Thursday, February 2, 2012

To Strike, Or Not To Strike... That Is the Question

The public debate about whether To Strike, or Not To Strike Iran is not an actual intellectual debate. I've seen precious few pundits actually favoring a military strike (outside of some Republican candidates), as anybody who actually considers the consequences of such an action realizes that it would be ridiculous to start a war with Iran.

Yet the debate continues and the news is portraying this as an actual choice between striking and not striking. If the debate is bunk, why are we having it? Overall, the effect of having a public debate about whether or not to bomb Iran is palliative, preventative, and populist.

Having public discussions about possibly striking at Iran makes us feel better. It leads us to believe that we have more of a measure of control over a situation than we really do. (This is nothing new. Take prayer for example.) Preventing Iran from acquiring a nuke is within the US's capabilities, right? Americans don't want to hear a "no" in that respect, that's why hearing this debate on television is comforting. "Which option should we choose? So many to choose from! Oh, let's stick with sanctions now and keep the military option on the table. Just in case!" I feel better already! It wouldn't be comforting to hear, "A military strike on Iran would likely start a regional and possibly global war, all because the Iranians probably have the technical knowledge to build something the Americans built in the 1940's, and the Americans and Israelis don't like that." It's not a sexy statement.

Having a public discussion about striking Iran is also to some degree preventative, in a sense. It prevents Iran from doing whatever it wants to do out in the open. If Tehran didn't know that a military strike was an option for the US, they could openly seek assistance from any nuclear armed power in trying to build a bomb. In this regard, a public debate is necessary, because it informs Tehran of the options that the US and others have on the table (even if those options would be harmful to all involved).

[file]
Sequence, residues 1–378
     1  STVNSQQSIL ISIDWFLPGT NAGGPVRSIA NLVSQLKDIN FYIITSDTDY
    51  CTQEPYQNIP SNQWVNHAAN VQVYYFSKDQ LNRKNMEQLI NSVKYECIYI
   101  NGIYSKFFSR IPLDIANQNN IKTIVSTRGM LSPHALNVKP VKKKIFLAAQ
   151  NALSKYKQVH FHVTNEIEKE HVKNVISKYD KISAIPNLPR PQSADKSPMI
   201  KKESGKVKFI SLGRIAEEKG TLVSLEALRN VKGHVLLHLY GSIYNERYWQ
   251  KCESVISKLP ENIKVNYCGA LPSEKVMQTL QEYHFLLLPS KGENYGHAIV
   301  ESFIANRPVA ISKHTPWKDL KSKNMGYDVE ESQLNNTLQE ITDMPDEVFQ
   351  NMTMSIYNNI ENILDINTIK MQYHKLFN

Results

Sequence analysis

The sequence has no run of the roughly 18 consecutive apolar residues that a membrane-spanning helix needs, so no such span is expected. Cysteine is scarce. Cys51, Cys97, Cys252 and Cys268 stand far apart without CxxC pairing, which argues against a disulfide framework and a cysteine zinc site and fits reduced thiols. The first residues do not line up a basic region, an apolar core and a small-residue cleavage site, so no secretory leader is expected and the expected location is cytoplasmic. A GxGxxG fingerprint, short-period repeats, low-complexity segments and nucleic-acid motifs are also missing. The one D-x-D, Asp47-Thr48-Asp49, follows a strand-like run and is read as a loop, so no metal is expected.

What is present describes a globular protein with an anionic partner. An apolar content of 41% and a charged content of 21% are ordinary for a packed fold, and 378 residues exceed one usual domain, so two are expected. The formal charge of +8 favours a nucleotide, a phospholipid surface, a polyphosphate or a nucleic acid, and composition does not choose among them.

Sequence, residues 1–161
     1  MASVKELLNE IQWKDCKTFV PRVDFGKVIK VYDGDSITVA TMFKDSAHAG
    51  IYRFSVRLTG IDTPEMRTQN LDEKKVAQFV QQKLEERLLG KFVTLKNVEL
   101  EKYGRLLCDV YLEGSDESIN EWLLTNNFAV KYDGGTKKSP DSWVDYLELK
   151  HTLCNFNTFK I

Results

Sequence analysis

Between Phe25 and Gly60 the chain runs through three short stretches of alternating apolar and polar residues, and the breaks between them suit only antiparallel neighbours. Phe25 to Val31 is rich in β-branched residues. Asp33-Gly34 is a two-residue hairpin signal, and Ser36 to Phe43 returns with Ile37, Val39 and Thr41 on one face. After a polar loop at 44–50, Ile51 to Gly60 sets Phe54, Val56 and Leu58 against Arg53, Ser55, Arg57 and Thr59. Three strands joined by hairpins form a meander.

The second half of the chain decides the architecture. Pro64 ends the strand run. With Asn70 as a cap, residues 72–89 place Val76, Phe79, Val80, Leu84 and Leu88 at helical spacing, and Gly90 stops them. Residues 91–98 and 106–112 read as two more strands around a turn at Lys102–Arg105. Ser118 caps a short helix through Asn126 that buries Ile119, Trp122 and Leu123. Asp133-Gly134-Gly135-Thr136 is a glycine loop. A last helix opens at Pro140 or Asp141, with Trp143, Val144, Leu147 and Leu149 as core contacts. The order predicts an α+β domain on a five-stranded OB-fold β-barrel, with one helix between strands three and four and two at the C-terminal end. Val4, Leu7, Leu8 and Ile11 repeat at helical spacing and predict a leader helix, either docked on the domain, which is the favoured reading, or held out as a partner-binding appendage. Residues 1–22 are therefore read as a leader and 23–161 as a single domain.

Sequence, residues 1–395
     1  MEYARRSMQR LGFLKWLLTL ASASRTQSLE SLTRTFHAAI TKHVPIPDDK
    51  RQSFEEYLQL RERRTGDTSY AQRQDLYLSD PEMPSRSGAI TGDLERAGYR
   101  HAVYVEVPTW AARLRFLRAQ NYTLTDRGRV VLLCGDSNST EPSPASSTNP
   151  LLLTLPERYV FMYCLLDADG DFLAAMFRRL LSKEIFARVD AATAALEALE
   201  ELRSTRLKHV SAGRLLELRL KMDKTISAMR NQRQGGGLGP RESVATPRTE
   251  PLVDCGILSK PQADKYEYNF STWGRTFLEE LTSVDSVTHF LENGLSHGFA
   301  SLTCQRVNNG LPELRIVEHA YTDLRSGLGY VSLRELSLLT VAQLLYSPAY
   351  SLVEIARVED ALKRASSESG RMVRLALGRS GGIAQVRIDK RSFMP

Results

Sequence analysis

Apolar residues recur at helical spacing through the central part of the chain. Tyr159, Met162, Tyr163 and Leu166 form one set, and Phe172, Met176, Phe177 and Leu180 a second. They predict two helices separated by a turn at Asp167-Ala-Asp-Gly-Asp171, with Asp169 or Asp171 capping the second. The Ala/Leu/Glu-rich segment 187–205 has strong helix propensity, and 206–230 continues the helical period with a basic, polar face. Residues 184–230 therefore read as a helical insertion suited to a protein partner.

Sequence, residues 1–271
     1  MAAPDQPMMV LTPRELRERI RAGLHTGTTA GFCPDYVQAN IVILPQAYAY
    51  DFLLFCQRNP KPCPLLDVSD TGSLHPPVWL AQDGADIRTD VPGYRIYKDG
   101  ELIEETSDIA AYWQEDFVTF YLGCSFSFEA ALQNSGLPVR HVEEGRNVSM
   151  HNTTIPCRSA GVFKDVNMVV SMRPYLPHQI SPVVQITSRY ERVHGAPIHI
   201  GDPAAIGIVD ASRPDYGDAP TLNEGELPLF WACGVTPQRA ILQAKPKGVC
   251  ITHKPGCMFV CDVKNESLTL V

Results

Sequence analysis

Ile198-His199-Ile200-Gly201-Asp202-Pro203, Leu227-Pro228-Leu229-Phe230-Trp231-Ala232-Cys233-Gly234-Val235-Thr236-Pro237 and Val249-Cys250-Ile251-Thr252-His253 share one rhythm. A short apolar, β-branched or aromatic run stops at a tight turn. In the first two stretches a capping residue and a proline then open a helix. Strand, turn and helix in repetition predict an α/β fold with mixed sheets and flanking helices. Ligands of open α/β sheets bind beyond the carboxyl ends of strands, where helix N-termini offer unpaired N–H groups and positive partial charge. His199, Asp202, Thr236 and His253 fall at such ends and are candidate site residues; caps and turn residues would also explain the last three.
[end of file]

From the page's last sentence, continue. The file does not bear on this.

And let's face it: it's popular and populist-politics to threaten military force. With great power comes great responsibility, and those who hold back from punching out the lights of the schoolyard bully in favor of a hardy shove and a "why I oughta..." clenched fist in the face are viewed as chivalrous and brave. As long as we can cheer ourselves and applaud our restraint and denounce the mullahs, we can continue to see ourselves as the good guys. Nationalism creeps into the argument, and turns a no-brainer "debate" into a battle for national pride (read: Who's got the bigger stick?)

Even though the debate about whether to strike Iran is ridiculous, it is meant to give you that warm fuzzy feeling. Insane.

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